Timewarp is a paid feature that schedules email campaigns based on each individual subscriber's time zone, so subscribers receive your scheduled campaigns at the correct time for them. For example, If you send from New York and schedule delivery for 9am, your west coast subscribers would normally get the email at 6am PST. Timewarp would delay sending to anyone until it's 9am in their time zone.
Depending on your plan, you may not have access to Timewarp. To find out what features are included in each plan, check out our pricing page.
In this article, you'll learn how Timewarp works, how to send an email campaign with Timewarp, and how we determine subscriber location.
How Timewarp Works
Behind the scenes, Timewarp uses Universal Coordinated Time (UTC). When you send a Timewarp email campaign, we start to send when the first time zone in the world, UTC +14, reaches your scheduled time. Each hour, we batch campaigns by time zone and send to subscribers in each area, moving west around the world.
Since some time zones are ahead of yours, you'll need to plan Timewarp campaigns at least 24 hours in advance.
You send your email campaigns from an office in New York City, Eastern Standard Time (UTC -5), and you want your subscribers to receive your campaign at 10am Tuesday. At 10am EST Tuesday, it's already 8:30pm in Mumbai, and 4am Wednesday in New Zealand. If you wait to build that campaign Tuesday morning, it will already be later than that in most of the world and those subscribers wouldn't receive the campaign.
To ensure that no zones miss their scheduled time, set up your Timewarp email campaigns at least 24 hours before you want it to go out in your time zone.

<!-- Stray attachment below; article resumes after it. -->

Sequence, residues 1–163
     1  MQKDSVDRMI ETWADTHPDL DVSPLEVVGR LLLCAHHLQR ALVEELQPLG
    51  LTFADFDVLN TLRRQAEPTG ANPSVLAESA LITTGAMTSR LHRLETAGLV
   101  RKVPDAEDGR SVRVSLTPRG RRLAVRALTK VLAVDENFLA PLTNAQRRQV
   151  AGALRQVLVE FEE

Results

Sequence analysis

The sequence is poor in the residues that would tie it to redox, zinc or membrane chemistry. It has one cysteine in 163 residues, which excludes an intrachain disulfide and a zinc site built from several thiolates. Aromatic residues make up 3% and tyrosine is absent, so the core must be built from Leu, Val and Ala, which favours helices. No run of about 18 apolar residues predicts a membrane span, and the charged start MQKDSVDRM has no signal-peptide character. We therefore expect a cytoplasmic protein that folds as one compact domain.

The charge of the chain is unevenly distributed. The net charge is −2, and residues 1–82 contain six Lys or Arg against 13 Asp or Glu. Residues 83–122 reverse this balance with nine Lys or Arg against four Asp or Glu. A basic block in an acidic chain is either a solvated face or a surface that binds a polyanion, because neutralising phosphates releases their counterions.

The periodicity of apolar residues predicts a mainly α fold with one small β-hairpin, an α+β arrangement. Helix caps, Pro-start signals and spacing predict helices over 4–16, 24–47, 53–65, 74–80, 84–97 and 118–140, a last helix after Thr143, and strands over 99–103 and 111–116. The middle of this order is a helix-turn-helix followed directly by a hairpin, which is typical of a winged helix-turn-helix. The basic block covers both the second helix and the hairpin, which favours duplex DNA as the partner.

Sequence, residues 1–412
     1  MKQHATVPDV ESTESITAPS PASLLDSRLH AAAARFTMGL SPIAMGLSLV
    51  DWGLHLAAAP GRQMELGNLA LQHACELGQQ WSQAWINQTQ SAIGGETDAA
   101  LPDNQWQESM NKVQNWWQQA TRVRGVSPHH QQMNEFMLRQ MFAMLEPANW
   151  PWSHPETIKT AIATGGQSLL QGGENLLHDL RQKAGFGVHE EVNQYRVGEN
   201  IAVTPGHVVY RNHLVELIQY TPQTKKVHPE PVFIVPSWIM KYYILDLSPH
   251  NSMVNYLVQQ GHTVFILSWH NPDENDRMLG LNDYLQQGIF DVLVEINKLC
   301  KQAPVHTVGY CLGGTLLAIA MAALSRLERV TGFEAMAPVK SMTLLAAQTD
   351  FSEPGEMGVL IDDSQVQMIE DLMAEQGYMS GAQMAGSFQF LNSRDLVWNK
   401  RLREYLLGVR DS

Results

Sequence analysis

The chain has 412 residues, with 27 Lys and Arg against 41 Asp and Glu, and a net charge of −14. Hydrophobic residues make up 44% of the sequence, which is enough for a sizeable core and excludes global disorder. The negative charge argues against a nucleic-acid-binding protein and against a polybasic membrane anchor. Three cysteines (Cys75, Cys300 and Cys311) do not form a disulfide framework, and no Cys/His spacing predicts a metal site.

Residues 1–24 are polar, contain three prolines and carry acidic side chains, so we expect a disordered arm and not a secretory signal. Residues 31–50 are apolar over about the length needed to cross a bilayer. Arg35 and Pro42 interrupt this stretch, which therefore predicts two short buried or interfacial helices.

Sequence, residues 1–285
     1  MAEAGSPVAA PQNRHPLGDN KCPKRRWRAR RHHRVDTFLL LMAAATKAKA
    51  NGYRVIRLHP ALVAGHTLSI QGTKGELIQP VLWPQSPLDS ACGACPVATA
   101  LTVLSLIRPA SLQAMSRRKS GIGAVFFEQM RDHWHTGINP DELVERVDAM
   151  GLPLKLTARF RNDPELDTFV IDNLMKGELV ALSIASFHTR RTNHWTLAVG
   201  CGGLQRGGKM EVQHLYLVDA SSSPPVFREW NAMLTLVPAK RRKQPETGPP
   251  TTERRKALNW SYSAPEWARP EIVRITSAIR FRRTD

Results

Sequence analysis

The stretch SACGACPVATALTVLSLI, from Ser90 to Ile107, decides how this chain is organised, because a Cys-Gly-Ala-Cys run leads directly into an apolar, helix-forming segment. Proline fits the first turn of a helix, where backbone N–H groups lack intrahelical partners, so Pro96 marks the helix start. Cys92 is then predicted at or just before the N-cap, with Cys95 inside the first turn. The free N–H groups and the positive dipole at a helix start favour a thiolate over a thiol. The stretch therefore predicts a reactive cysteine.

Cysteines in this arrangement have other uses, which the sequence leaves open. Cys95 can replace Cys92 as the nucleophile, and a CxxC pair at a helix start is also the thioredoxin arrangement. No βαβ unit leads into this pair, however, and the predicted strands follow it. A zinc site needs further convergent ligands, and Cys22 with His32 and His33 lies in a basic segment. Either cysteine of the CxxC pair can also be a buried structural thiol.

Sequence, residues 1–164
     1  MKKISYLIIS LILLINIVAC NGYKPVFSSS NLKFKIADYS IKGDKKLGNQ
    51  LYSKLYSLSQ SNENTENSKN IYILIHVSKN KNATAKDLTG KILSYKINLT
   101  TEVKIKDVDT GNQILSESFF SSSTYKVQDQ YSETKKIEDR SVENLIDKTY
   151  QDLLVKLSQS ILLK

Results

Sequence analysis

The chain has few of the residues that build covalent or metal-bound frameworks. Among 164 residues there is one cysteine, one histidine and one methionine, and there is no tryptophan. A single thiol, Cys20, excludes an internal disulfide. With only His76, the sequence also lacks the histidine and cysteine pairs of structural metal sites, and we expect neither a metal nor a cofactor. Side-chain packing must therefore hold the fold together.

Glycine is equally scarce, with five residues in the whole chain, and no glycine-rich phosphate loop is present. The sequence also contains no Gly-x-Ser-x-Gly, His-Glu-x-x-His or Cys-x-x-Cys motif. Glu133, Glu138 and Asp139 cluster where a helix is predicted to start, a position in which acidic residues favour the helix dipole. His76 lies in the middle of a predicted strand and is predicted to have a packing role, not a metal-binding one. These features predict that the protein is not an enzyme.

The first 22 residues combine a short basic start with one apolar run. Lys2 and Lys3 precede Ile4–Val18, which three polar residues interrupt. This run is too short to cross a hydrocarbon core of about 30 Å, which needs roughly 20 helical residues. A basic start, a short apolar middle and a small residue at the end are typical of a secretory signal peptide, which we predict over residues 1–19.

How We Determine Subscriber Location
A subscriber's IP address can determine their geographical location. We use geolocation to collect IP addresses from Mailchimp-hosted signup forms, email campaign opens, and clicks. As a subscriber continues to interact with your campaigns, the location or IP address may change. If a subscriber didn't use a hosted signup form or hasn't opened a few email campaigns yet, we won't have location data for them.
Subscribers without location data receive Timewarp campaigns in your account's default time zone batch. If your account doesn't have enough subscribers with location data, Timewarp won't be available.
Send an Email Campaign with Timewarp
To send an email campaign with Timewarp, follow these steps.
- In the Campaign Builder, click Schedule.
- In the Schedule Your Campaign pop-up modal, click the Delivery date calendar picker to choose the day you want to send your campaign.
- Click the Send with Timewarp radio button.
- Use the drop-down menus to choose the time you want your subscribers to receive the campaign. The selected date and time must be at least 24 hours from your current time.
- Click Schedule Campaign.
Timewarp is only available for regular and plain-text email campaigns. Premium accounts or accounts with Mailchimp Pro also have the option to use Timewarp to send emails in their automations. It's not available for RSS or A/B Testing Campaigns.
Why? RSS Campaigns can be sent daily, weekly, or monthly based on when items are posted. If the feed gets a new post before the last RSS campaign was completed, Timewarp would stop sending the first campaign to begin the new one, so some subscribers would get more campaigns than others. A/B Testing Campaigns are designed to test one variable at a time, and Timewarp adds an additional variable that could skew the results of your test.
If your account doesn't have enough subscribers with location data, Timewarp won't be available.
View or Edit Your Default Time Zone
To view or edit your time zone, follow these steps.
- Click your profile name to expand the Account Panel and select Account.
- Click the Account settings drop-down menu, and choose Account details.
- Use the Time zone drop-down menu to select the correct location.
- Click the Save button to apply the changes to your account.
Don't forget that time zones can vary within lines of longitude and aren't straight. To better understand how time zones are laid out, take a look at timeanddate.com, which provides a chart of multiple countries, cities, and their time zones.